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3 Responses to “Like a lot of my Democratic colleagues I was too slow to appreciate the recklessness of Fannie and Freddie. I should have heeded the concerns raised by their regulator in 2004. Frankly, I wish my Democratic colleagues would admit when it comes to Fannie and Freddie, we were wrong.”

  1. Dennis R. Lisonbee says:

    One of the founding principles of the United States was outlined in the Declaration of Independence. It was the concept there is a higher power, something bigger than us, a creator that we were accountable to. The beautiful melody of the Declaration is the freedom our creator endowed us. It is a musical theme woven into all our founding documents. The right to make our own decisions, independent of government or kings or despots. The protection of those rights from those who would deny them by physical force or destroy them by devious seduction is the core of the Constitution.

    This principle of a higher power and personal responsibility made the U.S. unique among nations. It made the people unique among people. Unfortunately the concept of accountability and standing up and taking responsibility for our failures is a character trait seems to be no longer found in the vocabulary of American culture. Excuses that hide the truth seem to be the core of almost every news story today. If the reporter is in your political camp, you get a pass. Bring up accountability and that same reporter will drag you through the mud of public shame.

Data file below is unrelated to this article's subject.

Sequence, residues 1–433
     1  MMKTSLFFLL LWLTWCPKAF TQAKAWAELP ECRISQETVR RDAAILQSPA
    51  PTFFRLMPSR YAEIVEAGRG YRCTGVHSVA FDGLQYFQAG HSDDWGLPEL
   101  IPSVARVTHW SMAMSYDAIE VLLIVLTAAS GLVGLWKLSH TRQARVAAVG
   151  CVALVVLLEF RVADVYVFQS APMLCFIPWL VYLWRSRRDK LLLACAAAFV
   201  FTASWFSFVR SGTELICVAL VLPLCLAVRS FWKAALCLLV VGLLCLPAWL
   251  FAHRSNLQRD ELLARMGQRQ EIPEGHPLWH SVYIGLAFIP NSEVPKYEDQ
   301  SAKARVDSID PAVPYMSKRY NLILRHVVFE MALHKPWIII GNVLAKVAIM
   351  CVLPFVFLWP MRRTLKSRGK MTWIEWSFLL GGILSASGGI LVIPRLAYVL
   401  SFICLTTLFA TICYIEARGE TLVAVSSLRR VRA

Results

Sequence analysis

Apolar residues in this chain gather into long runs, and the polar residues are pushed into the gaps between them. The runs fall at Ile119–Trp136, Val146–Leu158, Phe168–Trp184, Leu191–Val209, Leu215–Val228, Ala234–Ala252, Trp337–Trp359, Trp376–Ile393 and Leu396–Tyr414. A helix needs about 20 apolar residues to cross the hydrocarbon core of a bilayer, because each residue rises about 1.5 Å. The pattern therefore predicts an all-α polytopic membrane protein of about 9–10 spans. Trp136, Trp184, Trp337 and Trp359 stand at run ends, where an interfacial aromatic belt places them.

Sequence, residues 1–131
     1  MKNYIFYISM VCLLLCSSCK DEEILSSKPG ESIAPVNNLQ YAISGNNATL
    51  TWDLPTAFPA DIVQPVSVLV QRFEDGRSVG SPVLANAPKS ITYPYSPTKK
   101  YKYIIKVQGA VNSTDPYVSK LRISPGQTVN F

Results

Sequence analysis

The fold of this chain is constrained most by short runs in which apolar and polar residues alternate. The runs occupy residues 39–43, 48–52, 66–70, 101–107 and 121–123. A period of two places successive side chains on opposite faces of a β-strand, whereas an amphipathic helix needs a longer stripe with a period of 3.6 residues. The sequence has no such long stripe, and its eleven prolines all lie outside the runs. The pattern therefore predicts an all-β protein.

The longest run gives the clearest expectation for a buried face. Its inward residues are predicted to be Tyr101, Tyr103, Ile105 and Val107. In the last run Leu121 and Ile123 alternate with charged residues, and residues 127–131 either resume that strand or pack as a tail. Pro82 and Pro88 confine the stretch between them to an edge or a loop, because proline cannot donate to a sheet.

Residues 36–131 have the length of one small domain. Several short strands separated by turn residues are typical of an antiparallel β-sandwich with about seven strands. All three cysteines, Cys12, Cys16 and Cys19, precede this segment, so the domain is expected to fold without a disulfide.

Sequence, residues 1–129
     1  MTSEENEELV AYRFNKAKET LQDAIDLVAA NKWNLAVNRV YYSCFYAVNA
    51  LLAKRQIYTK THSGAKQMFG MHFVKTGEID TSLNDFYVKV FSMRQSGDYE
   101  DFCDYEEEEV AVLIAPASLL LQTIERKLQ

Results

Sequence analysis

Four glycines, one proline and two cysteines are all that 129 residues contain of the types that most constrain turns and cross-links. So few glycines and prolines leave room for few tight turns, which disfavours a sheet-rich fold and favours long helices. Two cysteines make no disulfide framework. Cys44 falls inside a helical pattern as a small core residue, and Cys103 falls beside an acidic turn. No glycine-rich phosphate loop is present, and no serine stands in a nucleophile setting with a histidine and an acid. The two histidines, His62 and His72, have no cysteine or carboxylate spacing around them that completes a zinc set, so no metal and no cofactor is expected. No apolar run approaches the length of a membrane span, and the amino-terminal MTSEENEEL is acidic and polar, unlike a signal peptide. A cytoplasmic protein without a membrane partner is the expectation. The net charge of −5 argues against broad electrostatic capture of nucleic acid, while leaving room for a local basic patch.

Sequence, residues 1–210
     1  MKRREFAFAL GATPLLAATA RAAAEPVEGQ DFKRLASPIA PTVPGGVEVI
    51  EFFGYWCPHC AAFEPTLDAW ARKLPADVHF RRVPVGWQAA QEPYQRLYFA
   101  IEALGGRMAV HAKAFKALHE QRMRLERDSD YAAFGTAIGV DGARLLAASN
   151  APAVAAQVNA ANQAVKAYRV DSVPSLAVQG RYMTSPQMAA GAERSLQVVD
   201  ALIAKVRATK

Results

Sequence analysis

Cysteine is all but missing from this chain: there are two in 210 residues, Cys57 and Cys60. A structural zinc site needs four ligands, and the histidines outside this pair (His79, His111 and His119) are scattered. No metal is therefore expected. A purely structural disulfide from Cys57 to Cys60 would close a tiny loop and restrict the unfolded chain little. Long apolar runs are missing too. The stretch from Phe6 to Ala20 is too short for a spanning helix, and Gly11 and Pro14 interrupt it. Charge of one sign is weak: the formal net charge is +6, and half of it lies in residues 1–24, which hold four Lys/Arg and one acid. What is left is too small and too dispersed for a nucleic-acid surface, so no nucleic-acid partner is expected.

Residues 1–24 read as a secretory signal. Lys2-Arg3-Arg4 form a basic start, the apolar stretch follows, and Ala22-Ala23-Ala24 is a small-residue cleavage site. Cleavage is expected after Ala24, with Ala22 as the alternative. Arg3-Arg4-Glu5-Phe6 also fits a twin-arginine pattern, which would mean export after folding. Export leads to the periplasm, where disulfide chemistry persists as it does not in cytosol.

To make matters worse, our institutions of higher learning have taught us the ability at rhetoric trumps character and accountability. It is all about the art of “What is, is.” The exception seems to be Representative Davis. Bless you congressman!

    But where are the others? There is a consequence to be suffered for what we have done. A final price must be paid, a payment extracted. Where is the leadership that will guide us through the trial so that we might learn from our mistake? Since only one has stood up and faced the music and no one is hearing the tune, will the consequence be the loss of the light on the hill, the Republic of the United States of America?

  2. Rich says:

    Well, said, Dennis!!!


  3. Michael Taylor says:

    We have so much to be grateful for those who will satnd up for the ideas of our Founding Fathers and the integrity of the great US Constitution. We need more leaders who will hold us to the concepts of freedom found in the greatest legal document ever conceived for the safe expression of our god given rights.